Not receiving mails from some senders due to DNS config
From RFC 2821 "Simple Mail Transfer Protocol", section 5 "Address Resolution and Mail Handling":
The lookup first attempts to locate an MX record associated with the name. If a CNAME record is found instead, the resulting name is processed as if it were the initial name.
In general, this is how CNAMEs work. They are often mis-used, mis-understood, and mis-implemented. :-)
If your domain is example.com, you probably have existing MX records pointing to the usual Google Apps hosts.
example.com. MX 10 ASPMX.L.GOOGLE.COM. example.com. MX 20 ALT1.ASPMX.L.GOOGLE.COM. example.com. MX 20 ALT2.ASPMX.L.GOOGLE.COM. example.com. MX 30 ASPMX2.GOOGLEMAIL.COM. example.com. MX 30 ASPMX3.GOOGLMAILE.COM. example.com. MX 30 ASPMX4.GOOGLEMAIL.COM. example.com. MX 30 ASPMX5.GOOGLEMAIL.COM.
It sounds like you also had an entry like this:
example.com. CNAME ghs.l.google.com.
RFC 1034 "Domain Concepts and Facilities" states in section 3.6.2 "Aliases and canonical names" recommends against this configuration:
If a CNAME RR is present at a node, no other data should be present; this ensures that the data for a canonical name and its aliases cannot be different.
In the case of the error you pasted, the mail server and/or DNS server on the sending end attempted to look up MX record(s) for your domain, example.com, and found a CNAME pointing to ghs.l.google.com. It then tried to look up the MX record(s) for ghs.l.google.com. That domain does not currently have any MX records, so the mail server would have fallen through to the A record for ghs.l.google.com. That IP address was not listening on the SMTP port, so the result is the error "Connection timed out with ghs.l.google.com."
By removing the CNAME record, you've fixed your mail problems. You might encounter issues if the IP address you've defined in its place is changed on Google's end.
You could instead define the cname for www.example.com:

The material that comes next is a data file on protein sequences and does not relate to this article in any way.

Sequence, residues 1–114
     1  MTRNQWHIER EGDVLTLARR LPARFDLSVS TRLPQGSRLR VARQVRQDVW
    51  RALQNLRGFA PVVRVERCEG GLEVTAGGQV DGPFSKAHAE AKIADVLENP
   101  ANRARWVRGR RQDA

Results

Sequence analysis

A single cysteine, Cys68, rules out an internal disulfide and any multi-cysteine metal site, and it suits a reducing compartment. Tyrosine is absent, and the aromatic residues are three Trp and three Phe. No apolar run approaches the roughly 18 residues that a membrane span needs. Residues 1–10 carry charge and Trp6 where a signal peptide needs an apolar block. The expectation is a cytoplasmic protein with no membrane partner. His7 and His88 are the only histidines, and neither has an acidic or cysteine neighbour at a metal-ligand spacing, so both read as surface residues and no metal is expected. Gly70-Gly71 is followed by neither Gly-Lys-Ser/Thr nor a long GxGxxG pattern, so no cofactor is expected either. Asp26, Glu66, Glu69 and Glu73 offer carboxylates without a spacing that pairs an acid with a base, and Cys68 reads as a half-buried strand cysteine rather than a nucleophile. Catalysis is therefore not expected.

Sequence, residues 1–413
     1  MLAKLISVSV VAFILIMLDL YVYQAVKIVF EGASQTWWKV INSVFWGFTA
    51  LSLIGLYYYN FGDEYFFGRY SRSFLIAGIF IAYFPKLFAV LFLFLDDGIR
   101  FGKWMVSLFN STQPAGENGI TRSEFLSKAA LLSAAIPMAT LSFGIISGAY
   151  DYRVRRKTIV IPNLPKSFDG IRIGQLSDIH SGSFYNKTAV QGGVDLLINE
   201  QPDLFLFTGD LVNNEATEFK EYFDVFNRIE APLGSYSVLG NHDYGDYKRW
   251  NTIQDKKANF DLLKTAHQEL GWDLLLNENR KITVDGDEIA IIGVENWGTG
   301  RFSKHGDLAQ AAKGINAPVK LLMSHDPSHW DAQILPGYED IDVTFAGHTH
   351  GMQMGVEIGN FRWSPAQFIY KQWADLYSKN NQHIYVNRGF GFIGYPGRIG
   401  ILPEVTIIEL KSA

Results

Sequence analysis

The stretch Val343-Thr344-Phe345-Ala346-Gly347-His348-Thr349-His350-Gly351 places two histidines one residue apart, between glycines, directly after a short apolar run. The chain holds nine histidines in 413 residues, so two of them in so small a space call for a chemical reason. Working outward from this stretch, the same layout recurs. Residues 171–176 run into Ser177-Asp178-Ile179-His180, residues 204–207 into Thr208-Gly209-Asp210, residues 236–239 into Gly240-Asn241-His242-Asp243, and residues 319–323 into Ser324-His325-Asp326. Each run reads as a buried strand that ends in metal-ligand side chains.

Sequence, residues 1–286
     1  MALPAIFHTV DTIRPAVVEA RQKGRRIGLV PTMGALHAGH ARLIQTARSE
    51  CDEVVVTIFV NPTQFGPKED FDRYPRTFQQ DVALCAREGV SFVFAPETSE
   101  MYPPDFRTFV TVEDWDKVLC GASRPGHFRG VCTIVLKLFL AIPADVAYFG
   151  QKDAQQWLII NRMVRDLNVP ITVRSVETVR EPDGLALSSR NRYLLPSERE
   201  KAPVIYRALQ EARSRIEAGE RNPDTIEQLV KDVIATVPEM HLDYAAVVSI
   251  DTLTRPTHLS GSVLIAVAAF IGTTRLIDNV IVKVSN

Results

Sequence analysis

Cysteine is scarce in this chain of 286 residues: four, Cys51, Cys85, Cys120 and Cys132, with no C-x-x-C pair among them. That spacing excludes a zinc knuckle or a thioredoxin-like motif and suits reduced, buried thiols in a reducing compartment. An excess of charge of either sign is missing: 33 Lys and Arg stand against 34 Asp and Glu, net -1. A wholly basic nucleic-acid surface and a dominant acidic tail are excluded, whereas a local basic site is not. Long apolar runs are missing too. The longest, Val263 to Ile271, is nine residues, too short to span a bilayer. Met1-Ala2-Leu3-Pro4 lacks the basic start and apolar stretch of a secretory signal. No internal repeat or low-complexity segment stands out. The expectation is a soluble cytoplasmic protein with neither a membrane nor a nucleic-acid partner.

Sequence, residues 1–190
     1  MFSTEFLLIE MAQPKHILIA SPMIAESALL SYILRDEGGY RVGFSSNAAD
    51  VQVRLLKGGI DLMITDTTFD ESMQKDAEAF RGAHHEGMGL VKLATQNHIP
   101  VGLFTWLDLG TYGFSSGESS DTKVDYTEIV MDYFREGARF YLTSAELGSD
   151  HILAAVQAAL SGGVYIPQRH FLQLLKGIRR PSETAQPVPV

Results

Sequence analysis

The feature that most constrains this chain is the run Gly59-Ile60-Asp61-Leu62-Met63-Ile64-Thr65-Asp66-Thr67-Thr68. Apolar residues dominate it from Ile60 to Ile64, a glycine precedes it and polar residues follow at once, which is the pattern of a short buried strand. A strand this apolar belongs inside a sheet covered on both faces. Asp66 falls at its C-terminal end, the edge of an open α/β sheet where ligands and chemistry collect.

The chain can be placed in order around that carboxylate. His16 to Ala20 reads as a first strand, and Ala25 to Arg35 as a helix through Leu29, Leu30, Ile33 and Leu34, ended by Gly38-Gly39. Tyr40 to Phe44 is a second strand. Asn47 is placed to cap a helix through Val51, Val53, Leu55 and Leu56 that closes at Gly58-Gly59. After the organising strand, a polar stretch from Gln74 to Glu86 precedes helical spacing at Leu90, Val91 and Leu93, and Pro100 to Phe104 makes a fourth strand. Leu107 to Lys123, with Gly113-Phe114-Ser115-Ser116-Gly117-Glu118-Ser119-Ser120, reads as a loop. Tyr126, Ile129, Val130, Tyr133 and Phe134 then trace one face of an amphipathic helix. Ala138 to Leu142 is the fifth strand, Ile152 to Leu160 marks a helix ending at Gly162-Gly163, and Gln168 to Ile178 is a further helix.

www.example.com. CNAME ghs.l.google.com.
And run a small webserver on whatever IP you point example.com at, which simply does an HTTP redirect to http://www.example.com/
It's somewhat surprising that it worked as well as it did. Postel's law gets some credit there, I believe. :-)
Back to RFC 1034 2.6.2:
CNAME RRs cause special action in DNS software. When a name server fails to find a desired RR in the resource set associated with the domain name, it checks to see if the resource set consists of a CNAME record with a matching class. If so, the name server includes the CNAME record in the response and restarts the query at the domain name specified in the data field of the CNAME record. The one exception to this rule is that queries which match the CNAME type are not restarted.
So, in this case it could be argued that the DNS server would/should not follow the CNAME on an MX lookup unless there were no MX records found.
When sending mail, Sendmail and qmail (and likely others) will by default attempt to rewrite any CNAME used in the right hand side of an email address to the canonical name.
Indeed, some sites relied on this behavior. djb goes into some detail on why he thinks people should stop relying on it in his "CNAME records in mail" document.